Now that we’re all working from home, I can safely wear my noise-cancelling headphones all day long without fearing to seem unapproachable to the team.
And that’s a good thing.
Since I’m confined alone with my cats, I could legitimately listen to music without headphones while I work. Right. No. Since the confinement has begun, I have come to realise that my lovely and quiet apartment at the weekend, was everything but. While road traffic decreased, I notice at least 1 fender-bender a week (the joys of living above a crossroad with 2 STOP signs) so you get the crash noise and then the (usually) offending party yelling at the other motorist. There are also the neighbours and their children running up and down the stairs and the hallways -bless them, it’s good that they can exercise, just stop touching the door-knobs.
For the first couple of weeks of confinement, construction work was still happening, and I happen to live across a construction site. You might think cranes and a few building site machinery. No. A giant drill that was moving across the site all day long. And early last week, new noise-makers came and started building Fort Kegs in the empty car park at the back of Guinness. While I’m wondering what the purpose is of piling kegs 5 metres high, it’s mostly a noisy affaire. Kegs are loud, the trucks that bring them go "beep beep beep beep" for minutes on end while they’re reversing in the car-park and as of this morning, they’ve started messing up with the pallet-lifter (or whatever that’s called) and dropped a couple of pallets while taking them off the truck. And that is scary loud.
That’s a lot of distractions happening in what would otherwise seem like an idyllic work from home environment (no kids, no housemates, a decent workspace, etc.) so how do I get my heavily detail-oriented work done?
I’ve tried a good few things.
First of all, I invested in a nice pair of noise-cancelling headphone that had a special slot for glasses, and believe me, you don’t realise how necessary that is until you have them.
Then I found a number of apps such as Noisli that promised me productivity through various noise blockers and natural sounds. Then came the “are you missing the open space noise” (spoiler alert, no, I don’t miss the sound of the printer), but I did give Sound of colleagues a go anyway.
The office ran a song competition, so I had a song a day to listen to and rate, but that wasn’t helping either. So I went back to tried and approved music.These apps just weren’t doing it for me. Seriously, all these sounds were making me anxious. Rains, rivers or waterfalls made me want to go to the bathroom, I don’t believe ANYONE could ever miss the sound of a printer, I didn’t find the sound of a fireplace conducive to productivity, and overall, this was doing nothing to cancel the outside noise, improve my productivity or my mental health in a WFH confinement environment.
A few months back, I was imaging the company’s laptop and for that highly repetitive work (accessing the bios during booting, typing command lines and the IP address multiple times in a row), Jean-Jacques Goldman’s 30+ years of career was my jam. Works perfectly for repetitive actions that require attention to details, but not too many brain cells. That’s not the core of my job though.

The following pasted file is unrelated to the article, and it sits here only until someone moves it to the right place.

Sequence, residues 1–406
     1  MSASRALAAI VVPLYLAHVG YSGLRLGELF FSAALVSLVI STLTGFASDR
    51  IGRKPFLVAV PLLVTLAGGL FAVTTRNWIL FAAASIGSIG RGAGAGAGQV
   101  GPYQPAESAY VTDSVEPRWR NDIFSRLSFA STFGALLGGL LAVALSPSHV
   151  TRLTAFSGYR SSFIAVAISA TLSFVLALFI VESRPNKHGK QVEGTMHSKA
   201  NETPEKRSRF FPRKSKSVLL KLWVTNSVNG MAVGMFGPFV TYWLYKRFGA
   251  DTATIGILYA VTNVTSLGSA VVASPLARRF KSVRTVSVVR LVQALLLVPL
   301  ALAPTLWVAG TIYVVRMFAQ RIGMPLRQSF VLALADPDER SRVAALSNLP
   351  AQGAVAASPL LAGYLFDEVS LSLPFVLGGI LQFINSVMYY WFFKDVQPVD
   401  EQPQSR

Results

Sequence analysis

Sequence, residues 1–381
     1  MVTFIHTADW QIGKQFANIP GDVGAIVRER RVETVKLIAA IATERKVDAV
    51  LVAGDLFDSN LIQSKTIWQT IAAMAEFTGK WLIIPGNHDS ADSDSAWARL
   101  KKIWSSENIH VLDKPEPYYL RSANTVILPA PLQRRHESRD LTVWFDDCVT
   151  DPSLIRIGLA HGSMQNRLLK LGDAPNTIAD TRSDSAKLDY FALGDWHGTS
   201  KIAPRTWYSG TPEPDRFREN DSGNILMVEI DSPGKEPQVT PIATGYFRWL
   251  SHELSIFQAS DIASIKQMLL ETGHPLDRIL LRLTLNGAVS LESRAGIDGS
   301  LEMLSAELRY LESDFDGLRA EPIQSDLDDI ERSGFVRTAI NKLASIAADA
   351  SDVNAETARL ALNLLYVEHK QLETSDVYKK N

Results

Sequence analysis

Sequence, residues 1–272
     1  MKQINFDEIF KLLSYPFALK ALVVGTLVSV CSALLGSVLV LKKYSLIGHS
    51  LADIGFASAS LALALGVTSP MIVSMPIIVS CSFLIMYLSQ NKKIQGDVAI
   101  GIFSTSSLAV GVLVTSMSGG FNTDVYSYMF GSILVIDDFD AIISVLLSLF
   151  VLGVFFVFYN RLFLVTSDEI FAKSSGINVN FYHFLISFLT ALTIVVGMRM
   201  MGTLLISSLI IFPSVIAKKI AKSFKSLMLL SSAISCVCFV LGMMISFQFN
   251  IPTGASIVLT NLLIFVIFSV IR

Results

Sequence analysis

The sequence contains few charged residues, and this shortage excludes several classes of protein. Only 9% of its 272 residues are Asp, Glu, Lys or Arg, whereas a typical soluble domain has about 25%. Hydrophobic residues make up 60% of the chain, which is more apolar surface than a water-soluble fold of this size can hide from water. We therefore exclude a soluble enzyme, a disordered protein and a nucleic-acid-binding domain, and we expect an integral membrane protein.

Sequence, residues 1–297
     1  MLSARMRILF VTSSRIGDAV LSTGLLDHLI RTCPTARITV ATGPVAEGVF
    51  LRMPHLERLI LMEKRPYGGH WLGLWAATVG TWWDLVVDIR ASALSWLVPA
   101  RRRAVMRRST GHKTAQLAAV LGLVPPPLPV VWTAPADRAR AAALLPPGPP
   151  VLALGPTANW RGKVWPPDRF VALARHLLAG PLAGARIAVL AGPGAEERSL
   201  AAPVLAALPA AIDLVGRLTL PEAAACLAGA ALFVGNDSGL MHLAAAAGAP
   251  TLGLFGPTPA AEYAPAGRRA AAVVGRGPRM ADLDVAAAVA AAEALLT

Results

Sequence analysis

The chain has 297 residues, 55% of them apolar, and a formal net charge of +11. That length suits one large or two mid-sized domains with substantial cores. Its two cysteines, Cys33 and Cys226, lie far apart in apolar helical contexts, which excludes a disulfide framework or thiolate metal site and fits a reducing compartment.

I went back in time to when I was in university studying law, now there’s an activity that requires more than 2 brain cells, and I remembered the 20 odds hours a week of reading and the other 15 odds hours a week spent on writing essays – on top of the 35+ hours of lectures a week. How did I get through all the work to complete my masters? Well, fairly simply, at a time where mp3 players, Youtube, iTunes and Spotify didn’t exist, I did all my work with 4 CDs: The Fellowship of the Ring, The Two Towers, The Return of the King and Harry Potter and the Philosopher's Stone. My energiser’s songs, the not-working one, but the music I listened to while taking a break or when I needed to recharge were all from Disney, with Under the sea or I just can’t wait to be king, followed by the underappreciated Hercules’ Zero to hero, and apparently, science is backing up my choice of tunes.
Now, obviously, I’ve modernised it a bit for the confinement. While I still have the CDs, I no longer have a CD player.
I start my day with a song that is scientifically proven to make you happy: Queen’s don’t stop me now while checking my emails and, apologies to my neighbours, I usually sing along. Then I switch to Lord of the Rings, most likely my all-time favourite The Two Towers. I beat the after-lunch slump with highly questionable music choices, but they do the trick: AD Carry Maokai or Backstreet Boys’ I want it that way. My preferred choice is to sing them at the top of my lungs, but it’s up to you how you get energised.
My key takeaway is that the music that enables me to be really productive has no lyrics. But as I was writing this article, I saw Hung Lee’s Recruiting brainfood newsletter (here: recruitingbrainfood.com), and he reckons “epic” music is what makes you productive. Since my go-to productive music definitely qualifies as “epic”, I can’t disagree.
What do you listen to in order to stay productive and “sort of happy” during your WFH confinement?